Anna Estellés is a Tutor in Open University of Catalonia and a translation technologies consultant.
She holds a PhD in Translation, Society and Communication and a Master’s Degree in Translation Technologies and Localization. In her doctoral research she studied the application of ontologies in concept description.
Between 2007 and 2013 she taught Translation Technologies and Terminology at the University Jaume I, Spain.
Her current work focuses on the study of translators’ adoption of new developments in translation technologies (cloud services, machine translation, online CAT tools).
Anne Estellés and Esther Monzó Nebot
The catcher in the CAT. Playfulness and self-management in the use of CAT tools by professional translators
This contribution draws on the different models developed to assess and predict technology acceptance (particularly the Unified Theory, UTAUT) and discusses the factors considered and their applicability to CAT tools and professional translators.
It further draws on translator studies to discuss how the current research on the translators’ habitus can support and enhance the existing models.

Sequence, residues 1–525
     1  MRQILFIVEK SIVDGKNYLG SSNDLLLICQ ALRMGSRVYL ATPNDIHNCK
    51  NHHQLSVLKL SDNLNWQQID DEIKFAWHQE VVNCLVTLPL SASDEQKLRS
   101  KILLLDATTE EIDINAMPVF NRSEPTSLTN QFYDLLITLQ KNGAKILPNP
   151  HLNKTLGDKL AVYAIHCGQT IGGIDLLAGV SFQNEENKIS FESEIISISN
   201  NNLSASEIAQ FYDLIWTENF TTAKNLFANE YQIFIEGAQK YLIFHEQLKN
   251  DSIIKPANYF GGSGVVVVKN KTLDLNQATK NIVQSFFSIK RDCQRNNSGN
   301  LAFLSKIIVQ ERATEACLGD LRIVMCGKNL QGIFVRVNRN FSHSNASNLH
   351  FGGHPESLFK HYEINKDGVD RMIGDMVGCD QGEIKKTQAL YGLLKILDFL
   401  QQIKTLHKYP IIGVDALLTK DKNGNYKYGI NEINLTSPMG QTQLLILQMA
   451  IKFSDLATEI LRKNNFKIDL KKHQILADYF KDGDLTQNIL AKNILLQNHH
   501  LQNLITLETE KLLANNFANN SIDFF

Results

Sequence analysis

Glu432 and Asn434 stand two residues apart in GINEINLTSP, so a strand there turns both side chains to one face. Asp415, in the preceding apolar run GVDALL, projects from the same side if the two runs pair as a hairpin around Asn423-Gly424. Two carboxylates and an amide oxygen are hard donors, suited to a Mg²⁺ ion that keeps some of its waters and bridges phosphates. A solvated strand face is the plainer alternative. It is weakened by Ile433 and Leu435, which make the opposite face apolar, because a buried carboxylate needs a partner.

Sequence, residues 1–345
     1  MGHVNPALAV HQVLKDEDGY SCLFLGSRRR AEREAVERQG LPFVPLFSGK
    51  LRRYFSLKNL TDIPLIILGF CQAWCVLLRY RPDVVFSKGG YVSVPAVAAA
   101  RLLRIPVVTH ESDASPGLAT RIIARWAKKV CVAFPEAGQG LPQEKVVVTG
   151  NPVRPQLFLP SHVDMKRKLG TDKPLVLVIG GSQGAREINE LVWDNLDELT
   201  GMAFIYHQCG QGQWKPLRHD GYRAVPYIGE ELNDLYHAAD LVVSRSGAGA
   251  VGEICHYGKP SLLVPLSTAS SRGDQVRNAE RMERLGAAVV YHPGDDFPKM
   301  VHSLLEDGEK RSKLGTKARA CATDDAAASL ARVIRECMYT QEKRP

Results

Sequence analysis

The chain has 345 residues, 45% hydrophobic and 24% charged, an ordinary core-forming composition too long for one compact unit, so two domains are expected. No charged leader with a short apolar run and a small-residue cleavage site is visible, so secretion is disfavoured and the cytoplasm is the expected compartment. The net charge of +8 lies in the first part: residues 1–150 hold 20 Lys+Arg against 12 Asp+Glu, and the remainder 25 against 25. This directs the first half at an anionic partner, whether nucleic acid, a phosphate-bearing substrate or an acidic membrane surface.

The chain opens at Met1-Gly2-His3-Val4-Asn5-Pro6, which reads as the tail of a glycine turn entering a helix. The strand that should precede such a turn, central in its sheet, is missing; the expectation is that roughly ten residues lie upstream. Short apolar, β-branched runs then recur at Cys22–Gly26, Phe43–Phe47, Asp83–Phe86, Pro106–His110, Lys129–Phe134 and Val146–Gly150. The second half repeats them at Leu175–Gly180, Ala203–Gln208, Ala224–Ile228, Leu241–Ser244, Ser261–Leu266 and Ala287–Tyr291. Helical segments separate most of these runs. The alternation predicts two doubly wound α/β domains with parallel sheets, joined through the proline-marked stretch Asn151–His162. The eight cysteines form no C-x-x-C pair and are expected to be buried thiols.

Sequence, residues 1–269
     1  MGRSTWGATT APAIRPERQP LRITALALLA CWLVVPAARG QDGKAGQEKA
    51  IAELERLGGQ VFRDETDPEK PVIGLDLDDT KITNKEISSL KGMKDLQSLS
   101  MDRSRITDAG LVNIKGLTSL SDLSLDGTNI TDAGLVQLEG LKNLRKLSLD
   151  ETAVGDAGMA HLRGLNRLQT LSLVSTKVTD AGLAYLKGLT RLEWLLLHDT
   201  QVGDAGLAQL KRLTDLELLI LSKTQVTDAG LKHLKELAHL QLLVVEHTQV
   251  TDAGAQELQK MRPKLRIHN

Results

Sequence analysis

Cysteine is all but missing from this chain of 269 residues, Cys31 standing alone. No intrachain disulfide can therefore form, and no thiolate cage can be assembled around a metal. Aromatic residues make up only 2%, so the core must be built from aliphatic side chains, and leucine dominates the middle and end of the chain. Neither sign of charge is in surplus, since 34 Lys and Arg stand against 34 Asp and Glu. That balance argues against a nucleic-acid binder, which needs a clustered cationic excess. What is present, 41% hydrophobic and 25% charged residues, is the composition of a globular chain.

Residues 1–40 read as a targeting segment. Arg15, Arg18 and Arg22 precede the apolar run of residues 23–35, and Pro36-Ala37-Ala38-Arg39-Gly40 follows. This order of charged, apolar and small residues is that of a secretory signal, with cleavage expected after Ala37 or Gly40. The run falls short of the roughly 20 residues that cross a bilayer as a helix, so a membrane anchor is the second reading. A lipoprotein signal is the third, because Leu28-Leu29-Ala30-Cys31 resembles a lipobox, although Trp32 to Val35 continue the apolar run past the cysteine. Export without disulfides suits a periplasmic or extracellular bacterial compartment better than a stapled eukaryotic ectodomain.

The model suggested comprises five categories (performance and effort expectancy, social norms, perceived playfulness and self-determination), whose relevance is tested empirically with a cohort of professional translators.
The survey is carried out through a questionnaire where translators working in different language combinations and different institutions and companies, with different status (free-lancers and permanent in-house professionals), report their adherence to specific statements pertaining to the five constructs analyzed. The analysis highlights the importance of one of the two innovative factors contained in this proposal, self-determination, across the professional characteristics of the participants.
In the last ten years, computer-assisted tools (CAT) have evolved significantly to face changing marketplaces and an increased need for productivity (see Dunne 2012:151). Cloud computing (Software as Service), machine translation and crowdsourcing translation are altering the scenario of professional translation and are leading to new ways in the access and use of technology.
Esther Monzó is a Professor Esther Monzó is a Professor in Translation at the Universitat Jaume I, Spain. Between 2013 and 2015 she was a Professor in the Sociology of Translation at the University of Graz, Austria.
Her current work focuses on the study of translators working for international organizations from a sociological perspective.
She has published extensively on the textual, technological and sociological aspects of legal and sworn translation. She has also conducted consultancy services and action research projects for the application of CAT tools in the field of legal and sworn translation.
She has been a practicing translator at the United Nations, the World Trade Organization and the World Intellectual Property Organization, Switzerland.